North Stonington budget still the target of critics
North Stonington - About 50 North Stonington residents attended a town meeting Monday night in which voters got a chance to comment on the town's third attempt to pass an $18.4 million budget for the current fiscal year.
The next referendum on the budget is scheduled for Monday.
At Monday's public hearing, a few people spoke in favor of the budget, but many spoke against it, often citing objections to specific line items.
The town has been operating on last year's $18.01 million budget since the fiscal year ended July 1, according to First Selectman Nicholas H. Mullane. The last proposed budget of about $18.9 million was struck down in a town referendum July 2, in which the town voted nearly 2 to 1 against both the general government operating budget and the Board of Education budget.
This third attempt cuts the government budget by about $115,000 and the Board of Education budget by about $300,000. If accepted, it will increase the overall budget by about $460,000 from fiscal year 2011-12.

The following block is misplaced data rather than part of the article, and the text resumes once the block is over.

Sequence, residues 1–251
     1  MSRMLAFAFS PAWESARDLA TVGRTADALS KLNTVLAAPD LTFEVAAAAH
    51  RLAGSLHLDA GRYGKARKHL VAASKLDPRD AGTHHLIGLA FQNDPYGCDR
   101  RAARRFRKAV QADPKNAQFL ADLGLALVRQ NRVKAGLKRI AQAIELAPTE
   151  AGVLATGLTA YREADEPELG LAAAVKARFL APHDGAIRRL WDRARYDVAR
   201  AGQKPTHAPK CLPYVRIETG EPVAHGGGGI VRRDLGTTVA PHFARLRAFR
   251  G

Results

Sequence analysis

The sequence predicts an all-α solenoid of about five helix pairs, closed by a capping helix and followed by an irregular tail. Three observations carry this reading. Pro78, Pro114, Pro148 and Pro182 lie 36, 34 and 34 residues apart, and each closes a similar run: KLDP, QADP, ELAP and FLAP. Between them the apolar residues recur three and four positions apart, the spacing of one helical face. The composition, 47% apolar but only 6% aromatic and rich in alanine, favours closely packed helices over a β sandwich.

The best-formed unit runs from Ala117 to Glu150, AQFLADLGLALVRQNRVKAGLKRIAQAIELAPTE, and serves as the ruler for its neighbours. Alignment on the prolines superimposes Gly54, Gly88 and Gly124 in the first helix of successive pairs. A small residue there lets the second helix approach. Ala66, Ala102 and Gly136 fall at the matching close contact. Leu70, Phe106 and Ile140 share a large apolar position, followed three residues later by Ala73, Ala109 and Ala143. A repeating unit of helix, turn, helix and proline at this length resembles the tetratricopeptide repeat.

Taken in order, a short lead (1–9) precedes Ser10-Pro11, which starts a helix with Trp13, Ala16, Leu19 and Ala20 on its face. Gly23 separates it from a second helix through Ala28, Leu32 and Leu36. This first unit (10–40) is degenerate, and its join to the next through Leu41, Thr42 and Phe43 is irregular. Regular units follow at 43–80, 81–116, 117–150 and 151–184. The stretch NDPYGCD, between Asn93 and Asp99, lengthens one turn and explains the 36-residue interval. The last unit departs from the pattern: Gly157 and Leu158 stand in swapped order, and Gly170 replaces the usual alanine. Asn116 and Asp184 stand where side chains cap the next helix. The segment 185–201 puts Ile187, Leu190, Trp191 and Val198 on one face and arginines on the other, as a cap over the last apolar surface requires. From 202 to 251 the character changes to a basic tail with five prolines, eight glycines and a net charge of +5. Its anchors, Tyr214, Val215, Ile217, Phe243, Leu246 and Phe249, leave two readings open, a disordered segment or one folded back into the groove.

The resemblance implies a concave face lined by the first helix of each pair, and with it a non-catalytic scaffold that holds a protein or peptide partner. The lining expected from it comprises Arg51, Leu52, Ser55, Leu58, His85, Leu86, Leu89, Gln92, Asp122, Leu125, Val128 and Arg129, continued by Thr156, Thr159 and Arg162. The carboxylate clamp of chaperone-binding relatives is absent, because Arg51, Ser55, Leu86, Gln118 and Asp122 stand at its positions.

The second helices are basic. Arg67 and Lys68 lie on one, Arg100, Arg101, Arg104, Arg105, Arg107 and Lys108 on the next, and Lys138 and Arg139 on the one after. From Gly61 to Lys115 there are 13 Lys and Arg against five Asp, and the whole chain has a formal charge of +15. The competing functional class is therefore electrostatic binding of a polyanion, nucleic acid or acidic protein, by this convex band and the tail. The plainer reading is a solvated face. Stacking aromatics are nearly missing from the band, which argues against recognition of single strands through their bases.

"This town has used fiscal rigor … so please keep that in mind," said Daniel Spring, chairman of the Board of Finance, of the town's spending record.
But some residents complained Monday about their rising tax rates, asking that the budget be cut even further in order to maintain them.
"If it didn't pass two times, what makes you think it's going to pass a third?" asked one resident.
Spring allowed that the revenue side of the budget needs work in terms of bringing more infrastructure and business to North Stonington, saying that growth here would alleviate the tax burden on residents. But he insisted this would be done through working with Planning and Zoning, not tweaking the budget plan.
Moderator Robert Shabunia told the crowd that 82 percent of residents will not see more than a $300 increase on their property taxes under the budget proposal.
Town Hall will be open from noon to 8 p.m. Monday for referendum voting.
EDITOR'S NOTE: This version corrects an earlier version.
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